Ongoing litigation in the U.K. means that banks will likely be on the hook for mis-selling products to small business and individuals. According to the U.K.'s Financial Services Authority (FSA), the banks may have mis-sold up to 90% of the products under review. Claims have been coming in for over a year, and banks are just now undertaking a review of their sales, to determine which customers need to be compensated.
The banks facing the first wave of investigation are Barclays (NYSE: BCS ) , Royal Bank of Scotland (NYSE: RBS ) , HSBC (NYSE: HSBC ) , and Lloyds Banking Group (NYSE: LYG ) . These companies are going to pay out something, as they've already admitted that rules were broken. The question remains -- how much will it cost?
The charges related to rate swaps that the banks tacked on to variable rate loans in the middle of the last decade. Customers who wanted -- or were urged -- to hedge against interest rates going up could agree to a "cap" and "floor" -- together forming a "collar" -- on the rates. If interest rates rose above a certain amount, the cap rate would come into effect, with a customer paying only that rate, not the higher, actual rate.
If rates fell below the floor, then customers would pay the floor rate plus the difference between the floor and the actual rate. Clearly, the banks were selling the collars under the pretense that rates would be rising, as they did until 2008 -- when they suddenly fell.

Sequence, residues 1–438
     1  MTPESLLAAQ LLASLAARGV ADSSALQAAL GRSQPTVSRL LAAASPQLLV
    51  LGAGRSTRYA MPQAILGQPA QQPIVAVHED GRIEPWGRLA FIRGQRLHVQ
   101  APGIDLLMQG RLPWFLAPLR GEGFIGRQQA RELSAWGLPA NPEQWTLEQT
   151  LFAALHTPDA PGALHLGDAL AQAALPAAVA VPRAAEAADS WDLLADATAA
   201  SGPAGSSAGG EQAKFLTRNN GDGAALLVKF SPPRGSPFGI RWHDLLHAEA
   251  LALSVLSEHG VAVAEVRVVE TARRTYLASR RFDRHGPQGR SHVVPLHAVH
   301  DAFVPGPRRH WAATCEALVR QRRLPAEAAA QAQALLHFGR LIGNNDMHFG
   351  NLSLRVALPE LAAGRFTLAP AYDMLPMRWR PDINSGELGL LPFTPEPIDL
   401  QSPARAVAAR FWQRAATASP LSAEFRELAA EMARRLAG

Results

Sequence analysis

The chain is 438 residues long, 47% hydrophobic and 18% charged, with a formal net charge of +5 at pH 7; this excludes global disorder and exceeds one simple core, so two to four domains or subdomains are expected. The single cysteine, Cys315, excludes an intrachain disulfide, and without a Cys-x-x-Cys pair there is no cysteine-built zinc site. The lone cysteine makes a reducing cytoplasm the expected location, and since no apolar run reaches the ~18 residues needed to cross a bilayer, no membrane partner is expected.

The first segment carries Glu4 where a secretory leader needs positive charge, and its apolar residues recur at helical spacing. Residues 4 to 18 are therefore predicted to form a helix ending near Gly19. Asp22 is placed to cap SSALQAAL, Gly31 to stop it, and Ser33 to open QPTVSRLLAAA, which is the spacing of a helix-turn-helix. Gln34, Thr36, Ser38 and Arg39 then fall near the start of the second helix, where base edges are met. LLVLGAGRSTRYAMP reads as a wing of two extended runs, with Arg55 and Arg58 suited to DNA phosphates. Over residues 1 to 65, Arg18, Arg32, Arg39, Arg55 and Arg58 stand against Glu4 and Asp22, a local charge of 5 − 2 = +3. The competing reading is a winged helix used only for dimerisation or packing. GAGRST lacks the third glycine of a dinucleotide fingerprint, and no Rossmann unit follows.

Mis-selling to consumers
Once rates started to plummet, customers began to see their costs rise. Ironically, the very thing causing them to rise was a move designed to help borrowers. As the rates collapsed, customers approach their banks to cancel their coverage, only to discover that there was an often massive fee associated with cancellation.
The key to the litigation is not the product itself, which is relatively straightforward -- it's the selling of the product. Claimants believe that they were not given a choice when purchasing a collar, not fully made aware of the fees to cancel the product, or not given enough explanation to fully understand the risks involved.
Now the FSA believes that over 40,000 of these products were sold in the last decade. While many of these will have expired, or be of such low value that banks won't be harmed, many are likely to result in repayments. As an example, Barclays announced that it has set aside $1.3 billion to repay harmed customers.
While the final tally won't be known for some time, it's a sure bet that this is one more hurdle for the banks to overcome before they can return to respectability -- investors beware.
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